This day represents many stages of love, maybe that of a surging river in peak season, or of a gentle stream settled in its age; beauty shimmering through its scars. Or perhaps more tragically, that of a morning mist, projecting deceptive shapes of hope, waiting to be dissipated by the inevitable sunrise- each stage gets its glory on this day. But something else may become evident in the lives of the romantically unattached and attached alike.
C.S. Lewis writes "[love] becomes a demon the moment it becomes a god" (The Four Loves) (Adapted from M. De Rougemont's original maxim). Turn on the radio. What do you hear? Broken men and women, lamenting broken love and despairing life. Maybe put in the Notebook and see a man waste into nothing when the woman he loves is taken from him. Walk into most churches and listen: 'The Lord has the perfect companion, moulded just for you.' Hear the gospel of love erotica ring: 'Come to me all who are lonely and I will give you a hand picked woman or finely sculpted husband, and then you shall have rest. '
I often view life through the lens of romanticism. I too see the beauty in mystery, revel in the inexplicable, yet innately understood. The bustling emotional life of a landscape. The poetry beckoning me to immerse myself in its prose. So as these inclinations move to that of human romance, they create an easy target for this gospel; which brings along several dangers.
A Functional Saviour Replaces the True Saviour
Most importantly, this gospel seeks to demolish the revealed glory of the risen Saviour Jesus Christ. In its place, it establishes a functional saviour: romance. Although, as most of us have seen, this functional saviour has no power; and so begins a turn of events that many of us have become all too familiar with (to the maritally bound and unbound alike). Hearts are broken, then apathy counter strikes the pain; joy is wounded until hope is found in another person (or found again in the same person)!
This cycle repeats it's sad charade again and again. Meanwhile, we ignorantly put our hope for future happiness in an 'all satisfying romance that has been written by the almighty.' How easy is it for us to put our hope in fulfilling romance that has been said to be our God-given destiny. In romance we trust, and our God we forsake.
Functional Saviour's Promises Turn Up Void
What follows is perhaps the climax of the idol making; the saviour begins to be revealed. To the coupled and uncoupled alike the turmoil stirs to the top. The heart wrenching despair, the loss of desire to move on. Or the demands of an unsatisfied spouse. The waves of anxiety followed by a certain hardening of a lost heart. The doubt of perseverance of marriage. Fear. Desire. Joylessness. The slow dance in a burning room as John Mayer so intuitively put. Here is when the demon is let loose: the savage fruit of false worship blossoming in our being.
We stand confused- promised fulfillment in dances through sunflower fields, embraces in the rain, a gift from a God and loving God- we find that even if we grasp them momentarily, they are a river ever filling but never full. How often have we embraced this gospel, only to see everything collapse.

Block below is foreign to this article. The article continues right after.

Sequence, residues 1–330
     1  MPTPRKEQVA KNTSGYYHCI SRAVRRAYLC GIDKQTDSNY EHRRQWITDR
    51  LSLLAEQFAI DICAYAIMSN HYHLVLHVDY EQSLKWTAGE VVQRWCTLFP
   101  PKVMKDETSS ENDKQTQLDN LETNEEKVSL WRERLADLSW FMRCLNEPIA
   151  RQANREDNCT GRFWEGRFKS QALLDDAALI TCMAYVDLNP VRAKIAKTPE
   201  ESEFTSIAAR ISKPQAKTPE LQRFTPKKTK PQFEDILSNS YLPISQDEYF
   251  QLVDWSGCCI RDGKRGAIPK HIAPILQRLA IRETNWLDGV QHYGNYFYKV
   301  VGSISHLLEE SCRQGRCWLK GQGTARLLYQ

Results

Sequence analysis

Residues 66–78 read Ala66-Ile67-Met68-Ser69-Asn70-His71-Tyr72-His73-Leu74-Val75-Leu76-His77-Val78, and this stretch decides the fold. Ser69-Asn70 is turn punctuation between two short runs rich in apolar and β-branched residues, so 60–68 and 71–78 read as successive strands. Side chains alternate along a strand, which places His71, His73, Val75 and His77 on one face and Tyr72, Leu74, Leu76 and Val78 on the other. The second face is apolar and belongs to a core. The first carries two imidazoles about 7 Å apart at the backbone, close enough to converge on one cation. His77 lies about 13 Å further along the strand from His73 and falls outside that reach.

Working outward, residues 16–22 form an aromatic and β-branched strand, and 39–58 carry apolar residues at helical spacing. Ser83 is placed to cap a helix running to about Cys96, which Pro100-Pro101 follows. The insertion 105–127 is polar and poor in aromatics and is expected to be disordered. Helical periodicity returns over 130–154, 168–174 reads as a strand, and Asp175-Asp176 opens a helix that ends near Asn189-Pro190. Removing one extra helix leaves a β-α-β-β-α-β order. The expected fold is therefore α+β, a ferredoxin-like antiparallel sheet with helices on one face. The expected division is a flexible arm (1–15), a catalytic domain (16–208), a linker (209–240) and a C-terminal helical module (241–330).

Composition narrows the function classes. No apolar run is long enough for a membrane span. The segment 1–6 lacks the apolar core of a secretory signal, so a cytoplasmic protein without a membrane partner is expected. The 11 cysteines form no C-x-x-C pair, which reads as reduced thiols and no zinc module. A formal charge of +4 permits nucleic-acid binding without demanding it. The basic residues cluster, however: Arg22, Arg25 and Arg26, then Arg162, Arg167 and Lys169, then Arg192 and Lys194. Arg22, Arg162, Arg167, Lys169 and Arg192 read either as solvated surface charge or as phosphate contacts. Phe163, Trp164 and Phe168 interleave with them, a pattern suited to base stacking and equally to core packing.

Joy in romance is precisely what God intended. When a man leaves his home and clings to his wife, it is a deep mystery that is due reverence.
After all, it is meant to show dimly the relationship we have with Christ as a church. There is joy in this. Hope in this. Expectation and reward; but how easy is it for God to fade as romance shines, like the golden calf at Mount Sinai, a deity swap is being made. Just as the Israelites made a bull to show the strength of a God who brought them out of Egypt, we craft and sculpt the perfect romance through all of the proscribed waiting and trusting, while subtly our desire shifts from Giver to his gifts.
In the end we have a choice. Where do we place our hope of future joy? Is in the swirl of romance? Is it in our spouse or significant other? Or is it in the Saviour who lives? This means consciously rejecting the lies fed to us by pop culture that romance can fulfill. The lies fed to us by the members of the church; that if we wait and trust well enough, romance will bring fulfillment.
Bottom line, that we, as believers, need to wait to find fulfillment at all; when it is already given in Christ (Psalm 103, John 4, Psalm 63). Conscious acknowledgement of these truths goes a long way in the subconscious mind and spirit, the truth indeed sets us free. Taken out of the pantheon of our hearts love can move, freely reflecting the nature of the Father and bringing the fruit of joy the Father intended.
If we don't, 'Then they [loves] become gods. Then they become demons. Then they will destroy us and also destroy themselves. For natural loves that are allowed to become gods do not remain loves they become complicated forms of hatred' (C.S. Lewis)
Dan Peterson (22) is from Chicago, Illinois USA, currently living in St. Leonards, Tasmania, studying cross-cultural ministry (his final year). Dan is a musician and personal fitness trainer, who loves exploring the Australian bush.
Dan Peterson's previous articles may be viewed at www.pressserviceinternational.org/dan-peterson.html